A good old-fashion rodeo is as much a part of Arizona summer as scorching heat and monsoon rains. Cowboys and cowgirls saddle up every year in the beautiful highlands of southeastern Arizona to compete in the Sonoita Labor Day Rodeo.
Sonoita, along with Elgin and Patagonia are three small towns that make up a hidden paradise in “the Mountain Empire.” The unique landscape of rolling hills and seemingly endless grasslands lie just 40 miles beyond Tucson at an elevation of 5,000 feet.
The area has a rich history of ranching, mining and railroading, and is home to many ghost towns such as Harshaw, Mowry and Washington Camp. Today, it’s a utopia for bird watchers and has recently become a major player in the Arizona wine-making industry.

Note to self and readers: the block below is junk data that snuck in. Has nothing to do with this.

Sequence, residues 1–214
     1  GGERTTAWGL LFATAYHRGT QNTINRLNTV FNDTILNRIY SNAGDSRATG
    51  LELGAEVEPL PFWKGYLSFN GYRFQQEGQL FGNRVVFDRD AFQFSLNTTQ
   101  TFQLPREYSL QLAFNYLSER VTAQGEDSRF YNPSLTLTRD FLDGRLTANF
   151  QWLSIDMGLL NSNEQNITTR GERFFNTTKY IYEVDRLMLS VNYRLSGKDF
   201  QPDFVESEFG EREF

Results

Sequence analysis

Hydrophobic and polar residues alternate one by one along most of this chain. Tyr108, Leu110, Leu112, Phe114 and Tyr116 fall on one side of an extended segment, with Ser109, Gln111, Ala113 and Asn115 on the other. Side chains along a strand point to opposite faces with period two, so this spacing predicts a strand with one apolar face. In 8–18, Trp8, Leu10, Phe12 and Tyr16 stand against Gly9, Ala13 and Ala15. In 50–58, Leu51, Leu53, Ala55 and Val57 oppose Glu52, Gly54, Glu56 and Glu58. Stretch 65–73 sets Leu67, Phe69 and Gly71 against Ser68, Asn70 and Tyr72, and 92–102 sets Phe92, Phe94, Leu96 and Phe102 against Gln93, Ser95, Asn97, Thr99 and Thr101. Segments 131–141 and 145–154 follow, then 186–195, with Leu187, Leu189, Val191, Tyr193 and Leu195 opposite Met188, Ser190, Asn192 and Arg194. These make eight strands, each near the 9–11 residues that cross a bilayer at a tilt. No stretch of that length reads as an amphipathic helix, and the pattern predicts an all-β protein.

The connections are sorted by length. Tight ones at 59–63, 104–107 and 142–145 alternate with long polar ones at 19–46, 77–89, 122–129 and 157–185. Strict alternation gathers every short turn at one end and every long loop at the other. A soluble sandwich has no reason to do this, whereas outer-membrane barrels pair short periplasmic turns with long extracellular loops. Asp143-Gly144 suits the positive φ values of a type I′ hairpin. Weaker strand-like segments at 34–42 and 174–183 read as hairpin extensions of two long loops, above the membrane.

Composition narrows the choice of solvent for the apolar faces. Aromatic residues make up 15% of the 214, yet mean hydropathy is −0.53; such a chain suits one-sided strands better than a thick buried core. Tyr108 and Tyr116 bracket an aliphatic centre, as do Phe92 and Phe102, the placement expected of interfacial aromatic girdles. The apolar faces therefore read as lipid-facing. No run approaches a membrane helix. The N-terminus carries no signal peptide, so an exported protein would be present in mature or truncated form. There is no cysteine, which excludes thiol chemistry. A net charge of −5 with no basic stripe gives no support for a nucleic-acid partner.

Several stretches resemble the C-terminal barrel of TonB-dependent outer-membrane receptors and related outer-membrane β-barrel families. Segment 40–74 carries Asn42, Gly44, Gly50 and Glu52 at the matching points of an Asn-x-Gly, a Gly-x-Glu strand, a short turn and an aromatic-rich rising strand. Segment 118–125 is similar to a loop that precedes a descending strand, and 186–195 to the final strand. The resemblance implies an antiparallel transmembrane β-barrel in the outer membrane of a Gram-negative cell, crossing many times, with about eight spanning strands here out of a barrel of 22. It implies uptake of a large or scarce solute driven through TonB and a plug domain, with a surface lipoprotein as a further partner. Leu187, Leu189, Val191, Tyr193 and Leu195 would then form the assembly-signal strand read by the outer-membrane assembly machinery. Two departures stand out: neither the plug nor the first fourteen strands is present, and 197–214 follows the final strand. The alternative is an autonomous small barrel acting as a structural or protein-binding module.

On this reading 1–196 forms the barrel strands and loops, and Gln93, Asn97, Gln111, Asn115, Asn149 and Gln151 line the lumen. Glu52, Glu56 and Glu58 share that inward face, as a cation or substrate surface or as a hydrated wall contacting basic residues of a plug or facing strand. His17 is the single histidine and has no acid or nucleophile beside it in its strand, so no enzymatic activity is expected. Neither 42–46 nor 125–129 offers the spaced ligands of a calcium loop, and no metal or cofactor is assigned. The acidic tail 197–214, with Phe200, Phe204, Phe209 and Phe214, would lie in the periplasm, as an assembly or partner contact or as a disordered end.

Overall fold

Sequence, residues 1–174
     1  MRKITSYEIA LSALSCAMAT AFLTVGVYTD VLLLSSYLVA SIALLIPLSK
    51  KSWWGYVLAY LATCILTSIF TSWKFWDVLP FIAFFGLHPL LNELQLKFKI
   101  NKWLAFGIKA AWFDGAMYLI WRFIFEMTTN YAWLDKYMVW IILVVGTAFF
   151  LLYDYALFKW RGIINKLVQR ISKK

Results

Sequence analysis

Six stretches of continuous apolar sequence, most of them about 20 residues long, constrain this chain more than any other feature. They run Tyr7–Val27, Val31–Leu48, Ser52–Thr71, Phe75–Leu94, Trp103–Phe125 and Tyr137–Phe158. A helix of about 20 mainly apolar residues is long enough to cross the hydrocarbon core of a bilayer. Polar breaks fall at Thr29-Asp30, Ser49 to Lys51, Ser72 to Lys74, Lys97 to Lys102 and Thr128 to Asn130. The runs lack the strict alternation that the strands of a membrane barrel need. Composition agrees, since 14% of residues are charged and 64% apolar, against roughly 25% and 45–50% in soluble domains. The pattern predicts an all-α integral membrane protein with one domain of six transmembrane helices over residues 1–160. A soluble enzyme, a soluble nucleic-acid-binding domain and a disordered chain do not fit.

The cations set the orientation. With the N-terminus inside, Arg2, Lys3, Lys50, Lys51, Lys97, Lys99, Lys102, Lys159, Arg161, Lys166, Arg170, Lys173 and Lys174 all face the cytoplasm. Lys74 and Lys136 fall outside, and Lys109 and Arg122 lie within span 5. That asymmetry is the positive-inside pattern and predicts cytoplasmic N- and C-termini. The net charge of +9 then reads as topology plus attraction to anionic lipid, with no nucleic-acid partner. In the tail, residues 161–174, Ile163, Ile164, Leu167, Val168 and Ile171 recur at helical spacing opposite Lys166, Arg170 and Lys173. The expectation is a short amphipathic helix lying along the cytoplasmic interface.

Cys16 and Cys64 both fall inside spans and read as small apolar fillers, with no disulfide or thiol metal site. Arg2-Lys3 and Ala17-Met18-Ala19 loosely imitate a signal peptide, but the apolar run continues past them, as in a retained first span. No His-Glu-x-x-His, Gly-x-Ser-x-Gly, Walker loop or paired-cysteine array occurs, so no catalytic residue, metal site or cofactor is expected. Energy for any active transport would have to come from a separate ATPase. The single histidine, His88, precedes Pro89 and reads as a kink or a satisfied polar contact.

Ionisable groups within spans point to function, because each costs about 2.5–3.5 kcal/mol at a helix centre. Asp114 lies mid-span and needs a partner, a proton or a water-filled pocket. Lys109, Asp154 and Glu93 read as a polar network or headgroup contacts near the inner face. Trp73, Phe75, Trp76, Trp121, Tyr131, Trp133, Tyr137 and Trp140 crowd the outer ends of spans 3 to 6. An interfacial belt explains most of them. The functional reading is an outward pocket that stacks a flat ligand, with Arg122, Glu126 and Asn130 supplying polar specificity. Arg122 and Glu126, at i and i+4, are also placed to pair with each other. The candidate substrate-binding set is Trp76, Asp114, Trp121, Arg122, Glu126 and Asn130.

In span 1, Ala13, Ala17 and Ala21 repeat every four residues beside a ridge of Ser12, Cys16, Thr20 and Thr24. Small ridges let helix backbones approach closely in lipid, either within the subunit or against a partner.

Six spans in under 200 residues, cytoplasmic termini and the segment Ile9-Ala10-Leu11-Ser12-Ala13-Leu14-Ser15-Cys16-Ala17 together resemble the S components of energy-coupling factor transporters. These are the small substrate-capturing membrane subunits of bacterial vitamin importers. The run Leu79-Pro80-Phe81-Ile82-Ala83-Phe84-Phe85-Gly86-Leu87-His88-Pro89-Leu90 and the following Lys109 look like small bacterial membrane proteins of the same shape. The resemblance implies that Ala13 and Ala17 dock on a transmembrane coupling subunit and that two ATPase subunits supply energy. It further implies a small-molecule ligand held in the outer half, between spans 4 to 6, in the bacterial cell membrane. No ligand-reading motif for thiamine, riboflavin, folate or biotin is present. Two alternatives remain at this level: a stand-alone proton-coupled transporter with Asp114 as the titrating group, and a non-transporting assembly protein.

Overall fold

Hollywood discovered this beautiful land more than half a century ago with location shoots for movies like “Oklahoma,” “Tin Cup” and “McLintock.” Fans of the television show “Little House on the Prairie” may recognize the majestic rolling grasslands, as well.
Father Eusebio Francisco Kino mapped and designated Sonoita as one of his visitas (an overnight place of rest and worship) in 1701. This land still is real cowboy country.
And those cowboys and cowgirls of today invite all of Arizona to join them in the way cowboys have always celebrated—with a real rodeo at the Santa Cruz Fairgrounds. On the weekend of Sept. 3, 4 and 5, the three days of riddin’, ropin’ and rowdiness will include wild horse racing, ladies barrel racing, kids’ rodeo, tie-down roping, ladies breakaway roping, bull riding, steer wrestling and so much more. Buckles will be awarded to all event champions as well as the All-Around Rodeo Champion.